Alaska News

Would proposed rule contradict Alaska initiative on cannabis gifts?

"AKEngineer" is hoping for clarity on a source of confusion he or she discovered in close readings of the proposed regulations that will eventually shape Alaska's legal cannabis industry:

The ballot initiative specifically made it legal to give up to an ounce of marijuana to someone over 21. The proposed new regulations (appear to contradict the law and) make it illegal to give any amount "to a consumer" without purchasing a $5,000 license and going through a bureaucratic mess. Do regulations trump the law passed by the citizens? Or, if I give a friend a joint, is he/she not a "consumer"?

Well, if AKEngineer gives a friend a joint, one would expect that person to consume it. But does consumption actually make someone a "consumer"? Engineer specifically referenced some lines in the proposed reg 3 AAC 306.300 as the source of his confusion:

A person may not sell, give, distribute, or deliver, or offer to sell, give, distribute, or deliver marijuana or any marijuana product to a consumer unless the person has obtained a marijuana retail store license from the board in compliance with this chapter, or is an employee or agent of a licensed marijuana retail store operating in compliance with this chapter."

That section of regulation, titled, "Marijuana retail store license required," then goes on to describe how a person seeking a retail store license should proceed and what provisions of state code he or she must observe in seeking that license.

Read more Highly Informed: Seeking answers to Alaska's cannabis questions

The apparent contradiction arose for AKEngineer because the statute passed by voters as Ballot Measure 2 specifically allows adults 21 or older to give each other up to an ounce of cannabis. For folks keeping score at home, that statute's 17.38.020, clause 3: "... transferring one ounce or less of marijuana and up to six immature marijuana plants to a person who is 21 years of age or older without remuneration."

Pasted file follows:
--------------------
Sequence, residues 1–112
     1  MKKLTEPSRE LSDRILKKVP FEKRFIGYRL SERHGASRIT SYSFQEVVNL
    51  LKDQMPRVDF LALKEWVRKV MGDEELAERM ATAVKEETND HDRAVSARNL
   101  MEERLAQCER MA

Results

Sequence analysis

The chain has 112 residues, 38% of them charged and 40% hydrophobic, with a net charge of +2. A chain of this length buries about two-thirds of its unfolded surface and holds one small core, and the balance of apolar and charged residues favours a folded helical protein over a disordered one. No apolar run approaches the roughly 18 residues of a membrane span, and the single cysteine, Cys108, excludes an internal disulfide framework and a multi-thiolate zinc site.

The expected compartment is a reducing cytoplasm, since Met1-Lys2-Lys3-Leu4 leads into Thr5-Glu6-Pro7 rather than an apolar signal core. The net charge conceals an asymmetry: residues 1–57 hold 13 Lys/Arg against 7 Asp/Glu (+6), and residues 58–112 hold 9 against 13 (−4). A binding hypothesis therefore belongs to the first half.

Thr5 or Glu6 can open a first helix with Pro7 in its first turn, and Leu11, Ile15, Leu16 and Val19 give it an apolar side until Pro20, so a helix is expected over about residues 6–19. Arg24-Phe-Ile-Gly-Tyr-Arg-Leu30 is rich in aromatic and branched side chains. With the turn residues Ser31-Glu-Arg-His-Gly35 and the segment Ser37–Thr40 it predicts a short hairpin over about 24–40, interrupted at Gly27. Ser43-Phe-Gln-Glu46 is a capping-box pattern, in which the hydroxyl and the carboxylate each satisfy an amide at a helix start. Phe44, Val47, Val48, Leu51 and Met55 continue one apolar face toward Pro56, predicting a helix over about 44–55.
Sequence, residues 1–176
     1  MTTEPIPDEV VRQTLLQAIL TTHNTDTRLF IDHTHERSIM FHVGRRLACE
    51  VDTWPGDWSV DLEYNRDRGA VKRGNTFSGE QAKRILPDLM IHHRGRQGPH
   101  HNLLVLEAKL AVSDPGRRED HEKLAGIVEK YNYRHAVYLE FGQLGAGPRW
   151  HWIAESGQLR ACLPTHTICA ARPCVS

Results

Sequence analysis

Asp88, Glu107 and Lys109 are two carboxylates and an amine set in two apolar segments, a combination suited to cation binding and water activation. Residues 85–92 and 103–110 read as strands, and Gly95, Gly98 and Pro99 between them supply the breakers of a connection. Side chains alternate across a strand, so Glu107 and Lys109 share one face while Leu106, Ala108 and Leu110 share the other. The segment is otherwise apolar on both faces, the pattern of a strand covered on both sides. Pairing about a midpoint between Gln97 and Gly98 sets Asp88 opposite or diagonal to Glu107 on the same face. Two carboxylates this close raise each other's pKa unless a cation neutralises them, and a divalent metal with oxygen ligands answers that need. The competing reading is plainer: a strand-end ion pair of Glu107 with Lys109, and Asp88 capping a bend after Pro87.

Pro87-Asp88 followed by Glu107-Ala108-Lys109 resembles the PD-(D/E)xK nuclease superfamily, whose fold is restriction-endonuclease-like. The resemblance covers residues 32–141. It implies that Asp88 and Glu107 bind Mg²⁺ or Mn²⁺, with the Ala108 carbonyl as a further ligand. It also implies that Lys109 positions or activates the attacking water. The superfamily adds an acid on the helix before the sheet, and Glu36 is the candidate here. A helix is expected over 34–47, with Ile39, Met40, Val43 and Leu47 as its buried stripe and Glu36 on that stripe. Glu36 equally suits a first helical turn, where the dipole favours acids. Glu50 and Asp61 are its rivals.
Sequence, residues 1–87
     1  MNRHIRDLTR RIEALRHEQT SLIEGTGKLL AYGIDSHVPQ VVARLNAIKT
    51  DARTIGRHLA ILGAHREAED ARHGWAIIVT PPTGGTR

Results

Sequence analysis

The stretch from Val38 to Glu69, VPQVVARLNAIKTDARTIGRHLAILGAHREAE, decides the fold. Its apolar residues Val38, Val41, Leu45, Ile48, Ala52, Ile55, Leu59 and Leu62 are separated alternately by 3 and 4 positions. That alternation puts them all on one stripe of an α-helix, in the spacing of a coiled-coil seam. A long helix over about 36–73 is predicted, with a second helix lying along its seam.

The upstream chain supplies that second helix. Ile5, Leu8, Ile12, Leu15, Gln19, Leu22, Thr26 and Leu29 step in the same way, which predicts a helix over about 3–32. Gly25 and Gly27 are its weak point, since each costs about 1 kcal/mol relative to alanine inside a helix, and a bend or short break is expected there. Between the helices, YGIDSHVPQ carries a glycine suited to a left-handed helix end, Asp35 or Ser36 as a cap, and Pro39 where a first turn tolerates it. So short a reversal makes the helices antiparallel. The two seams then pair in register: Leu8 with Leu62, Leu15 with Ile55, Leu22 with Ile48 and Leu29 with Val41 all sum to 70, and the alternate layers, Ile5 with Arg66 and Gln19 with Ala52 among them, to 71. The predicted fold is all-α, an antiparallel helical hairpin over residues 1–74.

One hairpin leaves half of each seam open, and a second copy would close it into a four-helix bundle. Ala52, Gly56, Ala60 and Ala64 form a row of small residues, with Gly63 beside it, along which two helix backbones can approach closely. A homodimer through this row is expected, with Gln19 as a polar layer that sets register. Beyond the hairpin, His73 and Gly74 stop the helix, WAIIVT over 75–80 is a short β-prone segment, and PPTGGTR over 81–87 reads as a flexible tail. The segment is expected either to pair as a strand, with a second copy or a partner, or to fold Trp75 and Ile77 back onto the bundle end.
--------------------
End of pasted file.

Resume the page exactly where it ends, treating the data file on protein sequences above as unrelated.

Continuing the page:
That set of statutes is titled "Personal use of marijuana," and many regulations being proposed, discussed and propagated right now by the state boards concern the future legal commercial use of marijuana, especially the one being asked about here. And although it may seem strange to read the phrase "legal commercial use of marijuana," that's where this understandable confusion ends.


The proposed regulation does not change the statute in 17.38.020, so AKEngineer will still be free to give a joint (or up to 27.5 grams of them, for that matter) to a friend 21 or older. Cynthia Franklin, director of the Alcoholic Beverage Control Board, confirmed that conclusion in an email.

The rule causing AKEngineer's confusion, she wrote, "addresses non-17.38.020 giving and black market selling, distributing and delivering of marijuana," not personal use cannabis.

Generally speaking, statutes guide the efforts of regulators. And here, the statute is crystal clear on the point of regular adult Alaskans giving Jah's Gift to each other from their own stashes. But a regulated industry is a different thing entirely, and whatever form it settles on will be more formal than the world of personal use.

Take the word "consumer" for instance. That word gained a formal statutory definition in connection to cannabis when the initiative took effect, and it describes a narrower sort of person than just someone who partakes.

Under the heading of statute 17.38.900, titled "Definitions," is a list of terms and their explicit meanings, which "unless the context otherwise requires," or unless they're amended by lawmakers, serve to guide regulators.

In that list, a "consumer" is "a person 21 years of age or older who purchases marijuana or marijuana products for personal use by persons 21 years of age or older, but not for resale to others."

So whether a person smokes tree doesn't matter for that definition. The term is a very specific one that describes people who buy it, but not for resale, from a licensed outlet. Technically, to exist, a consumer requires a regulated market, and so far, there isn't one.

It's significant that "personal use" appears in that definition, too. After consumers purchase it, they can smoke it, give it away, fashion a set of gnarly fake eyebrows, or whatever else they want to do with it that's allowed by law. Because it'll be theirs for their own non-commercial use.

Have a question about marijuana news or culture in Alaska? Send it to with "Highly Informed" in the subject line.